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“We Want to Be Toronto.”

Posted to MichiganNow.org on Friday, February 6, 2015

INTRO: The dialogue about diversity in Michigan is often limited to getting white folks to include black folks. Immigration advocates around the rustbelt are saying to cast a wider net. If we do what’s right it will also put money in everyone’s bank account. Michigan Now’s Chris McCarus reports.

At the turn of the last century, one third of all Michiganders were born overseas. Michigan was at the height of its power. Yet by 1982, Japanese car companies were selling more cars. Vincent Chin was a Chinese immigrant in Detroit. Unemployed Chrysler workers thought he was Japanese. So they beat him to death with a baseball bat.

Steve Tobocman is the founder of Global Detroit. He says Michigan has a hole to dig out of and it should promote immigration here now.

“It was news to almost all of us involved, even those who worked on immigration, that 32.8% of high tech firms in the state have been created by the foreign born. 62% of Ph.D.’s in engineering were going to international students. I think a lot of those facts are well known among the cultural elites and it’s created more comfort.”

In other words, the governor and corporate leaders know that immigrants come here and create jobs instead of stealing them. And local workers might be more comfortable and not as angry at random foreigners.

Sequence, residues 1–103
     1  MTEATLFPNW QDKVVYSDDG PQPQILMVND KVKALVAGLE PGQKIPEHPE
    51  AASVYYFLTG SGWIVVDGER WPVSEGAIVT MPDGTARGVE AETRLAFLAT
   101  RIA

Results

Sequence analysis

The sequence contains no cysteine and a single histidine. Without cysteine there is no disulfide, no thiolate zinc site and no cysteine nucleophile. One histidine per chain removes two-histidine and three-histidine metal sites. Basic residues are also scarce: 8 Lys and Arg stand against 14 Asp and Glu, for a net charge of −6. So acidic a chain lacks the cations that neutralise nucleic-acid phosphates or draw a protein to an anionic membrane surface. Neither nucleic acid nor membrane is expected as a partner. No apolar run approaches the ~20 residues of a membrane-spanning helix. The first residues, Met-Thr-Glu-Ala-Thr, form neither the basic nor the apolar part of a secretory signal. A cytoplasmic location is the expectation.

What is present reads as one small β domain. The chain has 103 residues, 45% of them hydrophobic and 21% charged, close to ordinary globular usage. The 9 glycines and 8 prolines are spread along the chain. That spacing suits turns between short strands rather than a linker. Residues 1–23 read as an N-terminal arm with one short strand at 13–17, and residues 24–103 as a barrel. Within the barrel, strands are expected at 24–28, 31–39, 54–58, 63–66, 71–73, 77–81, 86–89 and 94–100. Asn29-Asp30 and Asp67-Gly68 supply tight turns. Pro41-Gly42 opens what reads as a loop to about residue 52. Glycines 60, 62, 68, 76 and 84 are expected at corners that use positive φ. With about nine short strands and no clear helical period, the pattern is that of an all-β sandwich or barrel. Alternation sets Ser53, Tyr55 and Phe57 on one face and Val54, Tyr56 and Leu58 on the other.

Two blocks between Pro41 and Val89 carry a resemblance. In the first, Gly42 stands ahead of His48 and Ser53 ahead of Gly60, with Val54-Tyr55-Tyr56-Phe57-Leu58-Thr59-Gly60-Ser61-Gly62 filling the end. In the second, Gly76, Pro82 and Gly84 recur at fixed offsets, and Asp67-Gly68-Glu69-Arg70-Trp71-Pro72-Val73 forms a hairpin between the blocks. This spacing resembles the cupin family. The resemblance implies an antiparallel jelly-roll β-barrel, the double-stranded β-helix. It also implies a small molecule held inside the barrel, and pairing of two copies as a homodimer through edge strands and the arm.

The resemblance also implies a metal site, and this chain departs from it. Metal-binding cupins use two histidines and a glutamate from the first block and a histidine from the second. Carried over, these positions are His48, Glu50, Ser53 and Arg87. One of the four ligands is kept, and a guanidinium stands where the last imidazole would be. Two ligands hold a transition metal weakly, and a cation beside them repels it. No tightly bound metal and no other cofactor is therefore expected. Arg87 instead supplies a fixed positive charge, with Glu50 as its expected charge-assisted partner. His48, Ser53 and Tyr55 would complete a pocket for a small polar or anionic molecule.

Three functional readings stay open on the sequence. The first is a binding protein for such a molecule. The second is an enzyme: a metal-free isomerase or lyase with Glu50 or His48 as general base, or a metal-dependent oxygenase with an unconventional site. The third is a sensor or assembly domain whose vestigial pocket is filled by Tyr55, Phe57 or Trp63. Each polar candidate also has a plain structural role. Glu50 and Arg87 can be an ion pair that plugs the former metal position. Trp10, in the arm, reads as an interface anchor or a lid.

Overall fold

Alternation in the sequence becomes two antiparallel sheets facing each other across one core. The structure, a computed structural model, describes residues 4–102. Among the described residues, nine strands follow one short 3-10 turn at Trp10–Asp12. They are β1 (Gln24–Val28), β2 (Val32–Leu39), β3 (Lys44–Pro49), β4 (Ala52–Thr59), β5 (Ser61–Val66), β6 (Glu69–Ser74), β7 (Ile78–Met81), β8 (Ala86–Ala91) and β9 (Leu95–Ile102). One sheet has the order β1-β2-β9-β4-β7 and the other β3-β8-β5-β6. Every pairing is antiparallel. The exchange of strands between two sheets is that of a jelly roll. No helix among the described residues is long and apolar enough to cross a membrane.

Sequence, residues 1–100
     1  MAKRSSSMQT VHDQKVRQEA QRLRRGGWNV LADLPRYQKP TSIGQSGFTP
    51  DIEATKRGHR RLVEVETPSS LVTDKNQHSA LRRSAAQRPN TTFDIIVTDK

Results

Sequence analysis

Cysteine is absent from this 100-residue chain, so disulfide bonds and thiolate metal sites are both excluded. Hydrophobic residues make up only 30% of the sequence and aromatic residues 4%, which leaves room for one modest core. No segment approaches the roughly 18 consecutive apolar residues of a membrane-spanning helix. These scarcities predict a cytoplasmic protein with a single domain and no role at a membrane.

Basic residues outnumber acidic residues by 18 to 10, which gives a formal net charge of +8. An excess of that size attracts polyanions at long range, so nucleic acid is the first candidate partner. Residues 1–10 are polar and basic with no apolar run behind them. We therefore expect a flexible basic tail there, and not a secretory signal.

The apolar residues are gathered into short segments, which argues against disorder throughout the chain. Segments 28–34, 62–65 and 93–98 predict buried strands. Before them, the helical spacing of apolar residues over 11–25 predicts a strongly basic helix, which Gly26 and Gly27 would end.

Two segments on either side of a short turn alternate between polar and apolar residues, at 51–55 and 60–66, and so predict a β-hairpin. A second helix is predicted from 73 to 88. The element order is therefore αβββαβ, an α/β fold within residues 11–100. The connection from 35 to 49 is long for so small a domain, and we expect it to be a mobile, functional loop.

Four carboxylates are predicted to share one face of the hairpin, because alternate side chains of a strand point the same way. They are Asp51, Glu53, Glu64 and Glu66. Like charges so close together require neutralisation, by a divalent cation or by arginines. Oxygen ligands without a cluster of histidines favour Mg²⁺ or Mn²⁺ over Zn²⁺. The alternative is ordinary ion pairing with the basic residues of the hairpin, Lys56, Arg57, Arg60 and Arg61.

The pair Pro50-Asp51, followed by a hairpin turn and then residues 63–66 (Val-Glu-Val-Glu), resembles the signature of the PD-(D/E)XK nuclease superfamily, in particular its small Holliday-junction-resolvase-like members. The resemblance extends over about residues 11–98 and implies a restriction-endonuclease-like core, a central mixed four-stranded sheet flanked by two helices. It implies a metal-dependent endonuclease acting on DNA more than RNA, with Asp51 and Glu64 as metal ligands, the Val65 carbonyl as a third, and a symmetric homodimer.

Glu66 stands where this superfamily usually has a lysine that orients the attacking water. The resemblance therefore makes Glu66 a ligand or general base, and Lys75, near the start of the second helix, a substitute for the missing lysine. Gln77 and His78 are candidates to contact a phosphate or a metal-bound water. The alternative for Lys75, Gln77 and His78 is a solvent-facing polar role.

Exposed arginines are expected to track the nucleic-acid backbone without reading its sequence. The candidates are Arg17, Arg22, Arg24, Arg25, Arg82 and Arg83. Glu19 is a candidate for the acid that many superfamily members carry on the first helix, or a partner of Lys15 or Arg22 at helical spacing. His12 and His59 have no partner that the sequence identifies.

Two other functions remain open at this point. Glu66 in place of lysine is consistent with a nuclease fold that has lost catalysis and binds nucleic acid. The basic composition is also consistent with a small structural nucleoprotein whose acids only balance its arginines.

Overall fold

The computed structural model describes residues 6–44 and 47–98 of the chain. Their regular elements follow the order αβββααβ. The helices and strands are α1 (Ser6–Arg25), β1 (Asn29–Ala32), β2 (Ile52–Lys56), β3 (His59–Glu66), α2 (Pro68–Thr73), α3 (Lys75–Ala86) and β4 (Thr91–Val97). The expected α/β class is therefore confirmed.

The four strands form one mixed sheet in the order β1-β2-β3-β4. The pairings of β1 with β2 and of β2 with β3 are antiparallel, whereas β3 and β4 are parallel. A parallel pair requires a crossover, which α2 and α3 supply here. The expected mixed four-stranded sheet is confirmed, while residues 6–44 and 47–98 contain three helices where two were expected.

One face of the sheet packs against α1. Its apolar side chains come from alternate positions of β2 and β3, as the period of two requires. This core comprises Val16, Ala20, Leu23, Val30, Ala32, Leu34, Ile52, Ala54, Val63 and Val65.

See powerpoint by clicking here.

For the last several months, Global Detroit has done exchange trips with other pro-immigration groups from Minneapolis to Philadelphia. Cleveland, Indianapolis and most recently Cincinnati. They compare notes and best practices; what’s working to lure immigrants. What’s not.

Rebecca Zhang is from Wuhan, central China. She’s been in Cincinnati for a year and a half.

“I think here can give people more freedom, more fairness to give them opportunity to start their own business.”

Not knowing Chinese or Chinese culture, I didn’t know if she meant here as in America in general, Cincinnati or Detroit where she came recently for the exchange visit. But I should listen and study if I want a job. Rebecca Zhang could have a job to offer me soon. Michigan’s foreign born are three times more likely to start a business. About the same for foreign born in Ohio. Brian Wright took the Detroit trip with Zhang. He’s the international student coordinator at Cincinnati State Community College.

“Then of course the welcoming aspect of working with the receiving communities of individuals who never left Southwest Ohio to connect them with the immigrant and international population. Those people who never left Southwest Ohio do they need some work? I think they do. I think we all need some work. There’s the issue of cultural competency. To have a more ethical engagement with the other and broaden their perspective.”

Last year, Michigan’s governor chose Bing Goei to start something called the Office for New Americans. Goei was 11 when he came from Indonesia. He settled in Grand Rapids where he now owns five flower shops.